Today the Muleshoe Area Public Library boasts many popular programs to augment the books and periodicals that readers expect to use in a library. The Summer Reading Program for kids from the ages of two to 18 runs through June and July. Free computer classes are being held right now. In March the Social Security Administration will be on hand to answer SS questions. During Library Week in April the Library Family of the Year is announced, and the annual book sale is also held that week. Books, however, are on sale year-round. For seven months of the year, teens and pre-teens are invited to a movie night.


So even though Olabelle never had the opportunity to enjoy a library in Muleshoe, she helped make it a reality for those of us today who make use of its many resources. Thanks, Olabelle.

If you would like to read a more detailed account of the history of the  library, then trot yourself over to the library and  look for  Tales and Trails of Bailey County, the First 70 Years  in the reference section, and you can read Ann Camp’s article about how it all came about. You will also find lots of other neat stories about Muleshoe, and one about Olabelle, in that book.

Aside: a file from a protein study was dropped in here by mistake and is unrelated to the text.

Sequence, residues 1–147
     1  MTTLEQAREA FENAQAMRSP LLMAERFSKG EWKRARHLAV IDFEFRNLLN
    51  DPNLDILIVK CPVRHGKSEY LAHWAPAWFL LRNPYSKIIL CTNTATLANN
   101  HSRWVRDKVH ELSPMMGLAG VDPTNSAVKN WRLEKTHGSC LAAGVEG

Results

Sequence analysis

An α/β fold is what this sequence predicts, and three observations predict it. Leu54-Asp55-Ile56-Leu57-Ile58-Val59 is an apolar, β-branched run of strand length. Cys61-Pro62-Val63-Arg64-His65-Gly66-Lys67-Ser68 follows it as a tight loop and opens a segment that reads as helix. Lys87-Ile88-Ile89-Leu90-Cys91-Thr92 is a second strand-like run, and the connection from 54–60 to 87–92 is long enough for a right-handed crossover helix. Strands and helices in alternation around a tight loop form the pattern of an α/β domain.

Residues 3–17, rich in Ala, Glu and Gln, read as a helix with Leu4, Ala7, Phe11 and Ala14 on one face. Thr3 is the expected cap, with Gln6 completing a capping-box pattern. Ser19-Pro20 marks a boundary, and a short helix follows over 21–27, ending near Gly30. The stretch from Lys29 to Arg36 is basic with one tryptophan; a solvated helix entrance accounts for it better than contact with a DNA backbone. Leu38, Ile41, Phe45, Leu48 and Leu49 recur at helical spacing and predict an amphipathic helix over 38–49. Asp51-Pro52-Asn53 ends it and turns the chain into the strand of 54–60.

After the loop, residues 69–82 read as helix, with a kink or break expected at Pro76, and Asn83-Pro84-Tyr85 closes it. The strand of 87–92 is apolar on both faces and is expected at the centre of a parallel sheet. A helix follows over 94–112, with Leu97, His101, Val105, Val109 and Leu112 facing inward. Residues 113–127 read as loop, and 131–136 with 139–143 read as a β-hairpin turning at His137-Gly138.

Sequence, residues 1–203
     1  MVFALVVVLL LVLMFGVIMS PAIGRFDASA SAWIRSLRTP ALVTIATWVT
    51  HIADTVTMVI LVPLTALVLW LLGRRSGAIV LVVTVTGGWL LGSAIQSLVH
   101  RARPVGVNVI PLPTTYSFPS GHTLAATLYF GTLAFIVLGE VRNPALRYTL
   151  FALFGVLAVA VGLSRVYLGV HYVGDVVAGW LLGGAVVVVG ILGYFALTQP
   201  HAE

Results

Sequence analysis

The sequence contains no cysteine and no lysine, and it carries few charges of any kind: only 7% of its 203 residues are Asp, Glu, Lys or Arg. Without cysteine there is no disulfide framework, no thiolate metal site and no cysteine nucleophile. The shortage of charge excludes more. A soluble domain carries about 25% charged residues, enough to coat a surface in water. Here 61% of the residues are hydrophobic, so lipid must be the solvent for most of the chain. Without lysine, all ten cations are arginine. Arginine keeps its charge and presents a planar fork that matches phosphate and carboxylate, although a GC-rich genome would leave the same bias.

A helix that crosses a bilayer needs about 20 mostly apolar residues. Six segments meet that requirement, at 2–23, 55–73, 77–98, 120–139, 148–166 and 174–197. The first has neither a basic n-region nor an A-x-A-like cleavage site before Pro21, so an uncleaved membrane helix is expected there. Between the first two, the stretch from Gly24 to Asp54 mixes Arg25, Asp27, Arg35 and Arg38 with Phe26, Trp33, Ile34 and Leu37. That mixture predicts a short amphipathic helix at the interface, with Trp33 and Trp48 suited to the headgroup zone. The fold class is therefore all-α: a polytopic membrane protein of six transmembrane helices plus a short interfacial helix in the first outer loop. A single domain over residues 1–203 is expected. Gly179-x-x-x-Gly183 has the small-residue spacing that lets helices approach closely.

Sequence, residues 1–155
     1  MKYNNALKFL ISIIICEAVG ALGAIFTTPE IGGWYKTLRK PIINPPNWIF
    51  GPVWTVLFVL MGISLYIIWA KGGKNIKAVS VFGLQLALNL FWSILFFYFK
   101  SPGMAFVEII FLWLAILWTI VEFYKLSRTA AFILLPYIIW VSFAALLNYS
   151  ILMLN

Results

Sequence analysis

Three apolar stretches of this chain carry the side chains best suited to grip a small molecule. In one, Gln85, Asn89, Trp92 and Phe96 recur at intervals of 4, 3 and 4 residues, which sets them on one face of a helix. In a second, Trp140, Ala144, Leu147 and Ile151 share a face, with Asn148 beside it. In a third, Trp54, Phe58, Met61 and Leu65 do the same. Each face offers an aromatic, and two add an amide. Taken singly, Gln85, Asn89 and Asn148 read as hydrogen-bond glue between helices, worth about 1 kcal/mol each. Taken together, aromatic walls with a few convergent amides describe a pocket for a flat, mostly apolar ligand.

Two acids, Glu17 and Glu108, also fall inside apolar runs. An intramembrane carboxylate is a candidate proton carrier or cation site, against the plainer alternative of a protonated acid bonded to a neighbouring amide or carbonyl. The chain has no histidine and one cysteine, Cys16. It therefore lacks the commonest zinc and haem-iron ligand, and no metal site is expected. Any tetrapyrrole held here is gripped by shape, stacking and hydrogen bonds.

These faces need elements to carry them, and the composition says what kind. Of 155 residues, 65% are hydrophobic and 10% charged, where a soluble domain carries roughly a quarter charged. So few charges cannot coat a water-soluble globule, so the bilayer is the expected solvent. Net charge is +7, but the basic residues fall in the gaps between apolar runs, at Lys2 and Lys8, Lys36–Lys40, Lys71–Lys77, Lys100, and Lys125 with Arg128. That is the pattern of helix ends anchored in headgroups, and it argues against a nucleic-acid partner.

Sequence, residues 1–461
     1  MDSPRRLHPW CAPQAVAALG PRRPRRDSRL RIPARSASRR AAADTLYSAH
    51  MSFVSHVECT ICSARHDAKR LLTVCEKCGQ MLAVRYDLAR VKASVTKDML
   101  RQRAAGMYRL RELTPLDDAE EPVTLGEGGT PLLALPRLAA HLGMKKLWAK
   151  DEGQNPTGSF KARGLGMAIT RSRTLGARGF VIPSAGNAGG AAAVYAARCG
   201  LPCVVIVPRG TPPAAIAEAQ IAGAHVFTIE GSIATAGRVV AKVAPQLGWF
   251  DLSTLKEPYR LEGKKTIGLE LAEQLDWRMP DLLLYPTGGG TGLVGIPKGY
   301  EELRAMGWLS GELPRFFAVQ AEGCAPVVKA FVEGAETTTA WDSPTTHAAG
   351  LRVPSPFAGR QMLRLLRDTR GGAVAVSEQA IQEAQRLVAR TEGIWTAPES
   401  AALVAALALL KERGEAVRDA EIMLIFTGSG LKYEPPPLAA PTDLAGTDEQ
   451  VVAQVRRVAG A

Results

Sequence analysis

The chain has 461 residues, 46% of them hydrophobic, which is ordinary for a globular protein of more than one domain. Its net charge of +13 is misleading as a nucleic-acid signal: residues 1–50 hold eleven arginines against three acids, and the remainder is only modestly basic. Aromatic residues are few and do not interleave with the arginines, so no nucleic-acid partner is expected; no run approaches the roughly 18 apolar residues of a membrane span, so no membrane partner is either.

One of the comfy and inviting reading areas in the library.

Shorty Flores checks out a book to Mateo Galindo.

On a slightly different note, readers need to be aware that the library’s services, programs, and materials  are in danger of being lost as proposed state budget cuts will wipe out 99 percent of state funding on the local level. Things like the purchase of large print books, the inter-library loan service, loss of databases of research information, and a host of other valuable resources will be lost to these cuts. This might be a good time to let your state congressmen and senators know that library funding will be sorely missed in all libraries, but small town libraries in particular.